And they did. Receiving modest acclaim on release, Aeroplane’s unforgettable carnival-folk sound and surreal, emotional power soon built an impassioned cult following. But success weighed heavily on Mangum. “Once his greatness was recognised, needy people started knocking at his door, saying he was the only person who understood their trauma,” says Bangs, who was Mangum’s friend and housemate during the era. Mangum had a breakdown, split up Neutral Milk Hotel and spent much of the next decade in seclusion. He later re-formed the band for a handful of tours, before putting them back on hiatus in 2015. “Jeff’s focused on visual art now, which he may share with the public in the future,” says Bangs of the scene’s Salinger-esque reluctant figurehead. “He’s doing well.”

The massed ranks of Elephant 6.
‘They realised that doing this together was more fun than doing it alone’ … the massed ranks of Elephant 6. Photograph: Amy Hairston

The Olivia Tremor Control ran aground following their darker, acid-tipped second album, 1999’s Black Foliage. Hart was struggling with then-undiagnosed multiple sclerosis. “I stopped answering the door and picking up the telephone. I just cut people off. The MS just destroyed me. I couldn’t record all day like I used to. I experience these buzzing sensations in my limbs that won’t stop. Drinking helped, at first. But soon it was a bottle of vodka a day. I realised I’d die if I didn’t stop.”

Hart and Doss had renewed their friendship before the Olivia Tremor Control reunited for the 2005 All Tomorrow’s Parties festival. Further shows followed, and in 2009 they began leisurely work on a third OTC album. Schneider, who had ended the Apples in Stereo after seven albums to pursue a PhD in mathematics, signed up to help make it. But in 2012, Doss died suddenly of an aneurysm, a “devastating loss” that Bangs says the Athens community is still struggling to recover from. Hart went into the studio to work on Doss’s unfinished tracks. “Pretty soon, though, I realised I couldn’t keep doing this. I needed to let it go.”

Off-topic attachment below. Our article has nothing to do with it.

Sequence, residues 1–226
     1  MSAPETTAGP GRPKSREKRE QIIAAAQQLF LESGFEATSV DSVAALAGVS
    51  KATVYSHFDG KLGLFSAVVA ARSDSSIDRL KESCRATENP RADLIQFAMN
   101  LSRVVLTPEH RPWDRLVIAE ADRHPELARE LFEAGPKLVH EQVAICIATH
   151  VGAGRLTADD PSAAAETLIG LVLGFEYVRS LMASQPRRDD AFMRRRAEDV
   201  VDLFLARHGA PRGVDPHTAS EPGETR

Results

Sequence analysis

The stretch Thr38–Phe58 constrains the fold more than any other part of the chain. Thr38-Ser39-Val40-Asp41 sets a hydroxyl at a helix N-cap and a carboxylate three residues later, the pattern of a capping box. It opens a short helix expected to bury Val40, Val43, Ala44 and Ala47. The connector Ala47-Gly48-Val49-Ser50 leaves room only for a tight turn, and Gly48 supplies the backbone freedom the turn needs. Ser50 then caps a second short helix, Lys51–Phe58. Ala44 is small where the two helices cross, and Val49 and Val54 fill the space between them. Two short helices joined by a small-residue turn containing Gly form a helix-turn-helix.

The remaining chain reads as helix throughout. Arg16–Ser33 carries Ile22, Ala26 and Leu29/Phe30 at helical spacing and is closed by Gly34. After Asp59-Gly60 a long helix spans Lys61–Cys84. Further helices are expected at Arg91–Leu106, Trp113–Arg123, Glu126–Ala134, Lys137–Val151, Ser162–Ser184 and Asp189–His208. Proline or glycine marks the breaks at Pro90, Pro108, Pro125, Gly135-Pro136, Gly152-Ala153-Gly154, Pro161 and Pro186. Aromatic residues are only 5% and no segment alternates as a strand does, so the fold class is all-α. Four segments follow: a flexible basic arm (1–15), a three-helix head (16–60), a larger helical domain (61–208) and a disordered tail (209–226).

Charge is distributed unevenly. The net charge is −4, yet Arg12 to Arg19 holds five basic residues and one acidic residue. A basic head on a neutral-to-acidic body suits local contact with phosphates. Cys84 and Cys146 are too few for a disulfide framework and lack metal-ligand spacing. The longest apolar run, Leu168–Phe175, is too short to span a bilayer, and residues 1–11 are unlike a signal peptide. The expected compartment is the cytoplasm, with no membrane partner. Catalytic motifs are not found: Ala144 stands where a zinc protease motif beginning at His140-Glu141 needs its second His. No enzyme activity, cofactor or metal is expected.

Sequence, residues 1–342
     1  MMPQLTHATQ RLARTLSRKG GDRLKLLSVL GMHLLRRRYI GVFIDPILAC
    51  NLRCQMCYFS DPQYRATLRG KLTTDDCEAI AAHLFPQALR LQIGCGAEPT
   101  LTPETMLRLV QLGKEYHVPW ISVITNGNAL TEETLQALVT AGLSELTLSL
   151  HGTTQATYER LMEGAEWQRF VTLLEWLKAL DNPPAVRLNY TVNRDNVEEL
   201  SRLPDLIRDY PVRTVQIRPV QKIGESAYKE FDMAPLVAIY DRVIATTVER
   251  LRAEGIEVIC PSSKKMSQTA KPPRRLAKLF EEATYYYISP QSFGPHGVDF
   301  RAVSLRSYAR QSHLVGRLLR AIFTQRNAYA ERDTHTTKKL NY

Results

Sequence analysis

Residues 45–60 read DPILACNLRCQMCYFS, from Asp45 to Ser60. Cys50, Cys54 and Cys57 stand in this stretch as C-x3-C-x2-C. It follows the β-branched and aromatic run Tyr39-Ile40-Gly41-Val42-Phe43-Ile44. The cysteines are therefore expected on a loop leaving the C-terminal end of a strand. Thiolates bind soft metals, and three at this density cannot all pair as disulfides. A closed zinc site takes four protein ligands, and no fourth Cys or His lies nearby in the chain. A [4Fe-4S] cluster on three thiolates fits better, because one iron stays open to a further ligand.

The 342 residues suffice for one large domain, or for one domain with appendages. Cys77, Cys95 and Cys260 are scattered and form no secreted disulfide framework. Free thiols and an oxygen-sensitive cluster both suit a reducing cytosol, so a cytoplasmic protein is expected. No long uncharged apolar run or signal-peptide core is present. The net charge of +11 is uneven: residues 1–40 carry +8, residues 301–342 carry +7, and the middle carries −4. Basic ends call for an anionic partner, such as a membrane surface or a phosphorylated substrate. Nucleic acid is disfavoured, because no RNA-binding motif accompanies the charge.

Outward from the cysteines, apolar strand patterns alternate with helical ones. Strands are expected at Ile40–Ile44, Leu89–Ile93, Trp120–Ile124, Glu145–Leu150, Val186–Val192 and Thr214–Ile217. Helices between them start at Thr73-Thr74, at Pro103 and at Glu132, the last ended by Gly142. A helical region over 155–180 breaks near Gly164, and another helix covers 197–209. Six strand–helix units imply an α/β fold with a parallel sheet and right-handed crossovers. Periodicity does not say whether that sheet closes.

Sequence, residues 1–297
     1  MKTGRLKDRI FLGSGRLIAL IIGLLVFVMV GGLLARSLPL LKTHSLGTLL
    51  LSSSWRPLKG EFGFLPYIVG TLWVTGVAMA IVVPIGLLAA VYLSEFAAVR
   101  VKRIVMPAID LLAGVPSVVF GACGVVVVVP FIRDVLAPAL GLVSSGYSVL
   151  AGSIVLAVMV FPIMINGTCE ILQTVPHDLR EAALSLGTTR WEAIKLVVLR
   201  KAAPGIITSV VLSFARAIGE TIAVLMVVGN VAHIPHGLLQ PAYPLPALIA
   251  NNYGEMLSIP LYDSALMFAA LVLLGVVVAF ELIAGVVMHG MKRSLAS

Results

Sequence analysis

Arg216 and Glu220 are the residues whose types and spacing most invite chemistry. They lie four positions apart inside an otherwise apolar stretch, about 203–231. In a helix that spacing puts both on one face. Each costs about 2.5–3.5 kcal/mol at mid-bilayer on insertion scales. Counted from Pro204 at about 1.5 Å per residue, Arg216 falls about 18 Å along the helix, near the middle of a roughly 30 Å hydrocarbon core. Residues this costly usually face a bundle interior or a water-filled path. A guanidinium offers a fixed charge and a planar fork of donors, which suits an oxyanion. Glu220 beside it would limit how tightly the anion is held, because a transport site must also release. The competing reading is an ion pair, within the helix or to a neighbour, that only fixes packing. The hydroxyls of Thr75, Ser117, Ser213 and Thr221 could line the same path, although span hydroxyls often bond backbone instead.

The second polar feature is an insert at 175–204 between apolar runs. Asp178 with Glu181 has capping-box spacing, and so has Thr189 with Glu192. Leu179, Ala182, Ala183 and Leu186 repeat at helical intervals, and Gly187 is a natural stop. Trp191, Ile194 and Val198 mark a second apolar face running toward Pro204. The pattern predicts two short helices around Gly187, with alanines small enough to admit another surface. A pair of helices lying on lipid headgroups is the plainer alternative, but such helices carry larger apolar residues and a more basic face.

The great thing about art is, it outlives you. The magic they’d spent their lives trying to capture, it’s on that tape

Chad Stockfleth

That’s where the story seemed to have ended, until film-maker Chad Stockfleth returned to Athens to continue his work on his Elephant 6 documentary. The film is the product of 13 years of work, a “quixotic” process during which he sought out and won the trust of many key figures within the scene, as well as celebrity fans including Elijah Wood.

“The great thing about art is it outlives you,” Stockfleth says. “The magic they’d spent their lives trying to capture, it’s still on that tape. They can still access Bill [Doss].” The Elephant 6 Recording Co features much unseen footage of Elephant 6 events over the years, including performances by the Dixie Blood Mustache – a 12-piece all-female orchestra who would perform avant-garde soundscapes on kitchen utensils – along with early performances by all the key bands.

Stockfleth also called upon Bangs’ archives. “Early on, I made the decision to film Jeff every chance I got,” Bangs says, and his recording of Mangum performing solo acoustic embryonic versions of the Aeroplane songs in the back room of an Athens coffee shop yielded the 2001 album Live at Jittery Joe’. “I’d send friends like Michael Stipe and Elliott Smith tapes of Jeff performing, just wanting to spread the word about his talent.”

“What Chad did was heroic,” says Schneider. “After Bill’s death, we were all an emotional mess. I’d lost any motivation to make music. But Chad’s camera was like a therapist. He restarted our enthusiasm for finishing the third Olivia Tremor Control album.”

Work also began again on Doss’s unfinished tracks, and the familiar process of collaboration and tape-swapping enabled the healing to begin. “Our friendship had been founded on this,” says Schneider, “so it felt very natural to hear Bill’s voice in my headphones again and slip back into that feeling of when he was alive. I understood how the Beatles must have felt when they recorded Free as a Bird, to honour the friend they’d lost. That’s what I want to do for Bill.”

The process has been slow, and Schneider guesses it will be some years before the project is complete. He is in no hurry, however. “I and the rest of the band will work the rest of our lives finishing his songs,” he says, “because it revives the life of our friend.”

The Elephant 6 Recording Co is screening now in US and Canadian cinemas, and available now on Apple TV, Prime Video and Vimeo On Demand